This is a fascinating corporate escape story from Fast Company . Cynthia Warner was the head of global refining for British Petroleum and a 28-year oil industry veteran. She left BP in 2008 to become president of Sapphire Energy, a company working to produce renewable “green crude” from algae grown in open pools in the New Mexico desert
After his slicing, dicing, and grilling by Congress, BP's CEO Tony Hayward has been relieved of some of his duties, with responsibilities for managing the company's PR response shifting to chairman Carl-Henric Svanberg . This is just two days after BP's public relations debacle descended into class farce when Svanberg, a wealthy Swede, stated that, "We care about the small people
In any sensible system of institutional governance, negligence would be sanctioned.
There are two wonderful articles on the Gulf of Mexico oil-spill disaster in the May 11 Wall Street Journal that are required reading for everyone interested in systems failures and the need for systems leadership. The first is a case study in how to abrogate responsibility when thing go badly wrong . It describes the finger-pointing among BP, Transocean, and Halliburton over who is responsible for the explosion on the Deepwater Horizon rig
Stereotypes abound about artists: they range from the mild ("they have fuschia-colored hair"), to the absurd ("they starve,"), to the disturbed ("they do things like uncontrollably peeing in the fireplace as depicted in the popular movie Pollock."). Granted I know artists with wild-colored hair and others who are certainly struggling to make ends meet, but they all choose to use the restroom. I've also met artists who are quite plain-looking and plain-acting CEOs, lawyers, stockbrokers, and scientists. Even as someone who has worked to weaken some of the sillier stereotypes about creative types, I must admit that I've carried a few stereotypes around myself. In particular, I'd always believed that artists are much like the kind of geeks I grew up with at MIT — passionately focused on their work with little regard to their own physical or financial circumstance, and often more comfortable working as a lone constructor instead of as a collaborative player on a larger team.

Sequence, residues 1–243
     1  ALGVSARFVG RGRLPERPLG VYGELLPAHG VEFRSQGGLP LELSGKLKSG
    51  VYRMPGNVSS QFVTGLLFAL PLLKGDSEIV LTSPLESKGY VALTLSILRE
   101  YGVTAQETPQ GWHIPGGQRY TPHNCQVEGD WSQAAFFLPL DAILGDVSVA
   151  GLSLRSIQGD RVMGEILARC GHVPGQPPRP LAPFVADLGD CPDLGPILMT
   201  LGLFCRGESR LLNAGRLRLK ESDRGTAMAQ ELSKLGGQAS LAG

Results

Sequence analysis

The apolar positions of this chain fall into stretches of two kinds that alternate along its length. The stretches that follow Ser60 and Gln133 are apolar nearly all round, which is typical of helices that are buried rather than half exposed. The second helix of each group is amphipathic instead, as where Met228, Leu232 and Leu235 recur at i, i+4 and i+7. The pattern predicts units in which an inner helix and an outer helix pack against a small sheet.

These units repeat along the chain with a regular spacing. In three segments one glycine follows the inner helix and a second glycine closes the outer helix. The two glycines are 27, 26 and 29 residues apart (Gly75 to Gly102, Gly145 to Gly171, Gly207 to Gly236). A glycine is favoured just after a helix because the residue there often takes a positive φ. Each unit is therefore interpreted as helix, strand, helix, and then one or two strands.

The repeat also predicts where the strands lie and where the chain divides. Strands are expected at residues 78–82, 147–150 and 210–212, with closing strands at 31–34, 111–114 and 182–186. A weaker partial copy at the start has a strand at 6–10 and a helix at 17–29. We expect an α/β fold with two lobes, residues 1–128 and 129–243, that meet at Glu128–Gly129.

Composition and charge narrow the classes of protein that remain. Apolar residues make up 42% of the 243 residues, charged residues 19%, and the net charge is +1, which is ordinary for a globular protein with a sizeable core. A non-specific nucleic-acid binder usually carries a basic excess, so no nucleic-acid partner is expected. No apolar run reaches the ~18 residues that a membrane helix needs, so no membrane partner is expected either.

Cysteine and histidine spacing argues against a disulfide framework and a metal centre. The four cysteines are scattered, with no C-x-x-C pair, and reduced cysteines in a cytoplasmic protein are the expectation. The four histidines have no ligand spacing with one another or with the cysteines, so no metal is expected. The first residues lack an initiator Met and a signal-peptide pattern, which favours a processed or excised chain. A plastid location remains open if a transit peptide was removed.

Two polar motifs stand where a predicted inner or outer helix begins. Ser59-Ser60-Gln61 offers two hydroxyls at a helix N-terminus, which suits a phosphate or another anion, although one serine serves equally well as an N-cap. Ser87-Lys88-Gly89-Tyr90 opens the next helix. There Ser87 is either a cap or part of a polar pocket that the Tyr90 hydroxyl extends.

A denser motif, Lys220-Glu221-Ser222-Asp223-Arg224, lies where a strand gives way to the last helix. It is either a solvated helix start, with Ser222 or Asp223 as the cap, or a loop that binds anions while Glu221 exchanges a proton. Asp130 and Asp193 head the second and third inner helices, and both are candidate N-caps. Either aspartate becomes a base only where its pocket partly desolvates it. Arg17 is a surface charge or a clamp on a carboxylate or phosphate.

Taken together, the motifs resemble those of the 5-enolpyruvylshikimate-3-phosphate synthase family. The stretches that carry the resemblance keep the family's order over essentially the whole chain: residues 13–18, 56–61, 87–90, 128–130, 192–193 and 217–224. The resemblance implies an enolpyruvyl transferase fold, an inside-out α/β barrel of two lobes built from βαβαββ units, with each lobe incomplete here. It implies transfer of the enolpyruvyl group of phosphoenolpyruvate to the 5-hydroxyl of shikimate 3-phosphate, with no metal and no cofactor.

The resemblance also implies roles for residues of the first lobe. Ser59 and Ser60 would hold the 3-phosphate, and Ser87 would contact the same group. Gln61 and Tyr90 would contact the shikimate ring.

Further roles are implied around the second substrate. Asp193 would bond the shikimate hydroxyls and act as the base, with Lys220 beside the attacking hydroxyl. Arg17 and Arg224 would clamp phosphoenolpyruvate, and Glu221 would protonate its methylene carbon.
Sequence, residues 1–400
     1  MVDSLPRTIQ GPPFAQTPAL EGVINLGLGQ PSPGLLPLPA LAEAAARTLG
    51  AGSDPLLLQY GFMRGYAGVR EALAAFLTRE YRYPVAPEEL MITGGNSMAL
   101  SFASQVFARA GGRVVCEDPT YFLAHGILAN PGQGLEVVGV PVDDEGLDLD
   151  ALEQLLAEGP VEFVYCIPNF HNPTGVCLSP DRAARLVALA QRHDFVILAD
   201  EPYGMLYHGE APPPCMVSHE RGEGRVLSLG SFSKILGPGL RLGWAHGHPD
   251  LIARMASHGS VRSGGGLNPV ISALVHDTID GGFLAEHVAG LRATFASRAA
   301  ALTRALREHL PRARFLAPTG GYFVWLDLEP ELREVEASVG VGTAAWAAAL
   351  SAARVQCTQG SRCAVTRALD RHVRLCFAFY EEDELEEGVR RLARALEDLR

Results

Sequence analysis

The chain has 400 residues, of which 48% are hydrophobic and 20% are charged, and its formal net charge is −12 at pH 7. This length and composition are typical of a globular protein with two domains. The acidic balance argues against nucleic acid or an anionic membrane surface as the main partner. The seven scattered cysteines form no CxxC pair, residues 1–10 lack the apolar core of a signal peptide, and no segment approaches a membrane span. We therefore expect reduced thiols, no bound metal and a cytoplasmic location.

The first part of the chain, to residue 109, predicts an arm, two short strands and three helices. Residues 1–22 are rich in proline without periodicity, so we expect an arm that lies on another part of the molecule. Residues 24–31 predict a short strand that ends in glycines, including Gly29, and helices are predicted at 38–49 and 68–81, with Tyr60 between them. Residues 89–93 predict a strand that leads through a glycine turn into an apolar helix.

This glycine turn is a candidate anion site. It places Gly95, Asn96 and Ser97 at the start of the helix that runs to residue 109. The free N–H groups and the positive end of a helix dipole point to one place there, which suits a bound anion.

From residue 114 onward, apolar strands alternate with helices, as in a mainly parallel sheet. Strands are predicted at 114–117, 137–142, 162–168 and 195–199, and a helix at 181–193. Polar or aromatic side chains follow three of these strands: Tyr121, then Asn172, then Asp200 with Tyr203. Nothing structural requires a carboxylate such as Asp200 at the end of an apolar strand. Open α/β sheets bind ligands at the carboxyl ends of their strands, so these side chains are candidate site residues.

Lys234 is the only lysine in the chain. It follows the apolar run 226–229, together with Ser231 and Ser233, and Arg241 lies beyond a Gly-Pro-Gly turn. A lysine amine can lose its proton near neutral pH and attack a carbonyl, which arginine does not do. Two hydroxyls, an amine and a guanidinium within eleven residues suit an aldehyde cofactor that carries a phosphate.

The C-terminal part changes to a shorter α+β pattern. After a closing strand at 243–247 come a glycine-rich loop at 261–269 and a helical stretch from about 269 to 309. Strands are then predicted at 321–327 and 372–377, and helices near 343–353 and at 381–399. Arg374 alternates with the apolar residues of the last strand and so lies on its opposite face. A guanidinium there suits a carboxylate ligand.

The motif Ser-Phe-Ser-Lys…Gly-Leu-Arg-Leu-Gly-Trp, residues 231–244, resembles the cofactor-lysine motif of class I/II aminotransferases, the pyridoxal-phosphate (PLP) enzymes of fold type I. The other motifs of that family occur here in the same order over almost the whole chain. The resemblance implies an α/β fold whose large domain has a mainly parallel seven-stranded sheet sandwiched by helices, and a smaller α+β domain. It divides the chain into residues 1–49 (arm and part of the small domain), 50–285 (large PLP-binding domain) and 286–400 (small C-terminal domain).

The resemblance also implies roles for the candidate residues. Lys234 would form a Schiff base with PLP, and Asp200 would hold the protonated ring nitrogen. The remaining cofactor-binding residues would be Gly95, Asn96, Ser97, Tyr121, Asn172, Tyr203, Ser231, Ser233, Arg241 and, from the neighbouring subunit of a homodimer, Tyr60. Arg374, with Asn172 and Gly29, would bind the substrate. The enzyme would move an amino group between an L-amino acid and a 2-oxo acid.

Bruce Springsteen — great leader? You might be skeptical, but bear with me as I describe a few practical ideas we can pull from Springsteen's repertoire of the critical "soft skills" that set the memorably high-impact leaders apart from the rest of the pack. Bruce's epic music is a source of inspiration for millions around the world. Like many others, his impact on me has been deeply personal. On a recent night in Philadelphia, listening to Bruce and his E Street Band, I was reminded once again of why the Boss (big B) is not only New Jersey's greatest export and America's rock poet laureate, but why he's a model for other bosses (small b).
Leaders gain trust and teach people what's important to them by telling stories. But these days there's so much to attend to — now! — coming at us so fast. You might be tempted to let slide your soft skills, like how to tell a useful story. Just get to the point and move on to the next thing on the list.
It's his baby, after all. In 1994 Jerry Yang (together with David Filo) birthed an Internet web site named after him - " Jerry's Guide to the World Wide Web " - and since then they've been inseparable. While at the age of one "Jerry's Guide" was more formally christened - Yahoo! Inc. - the relationship between parent and child has remained close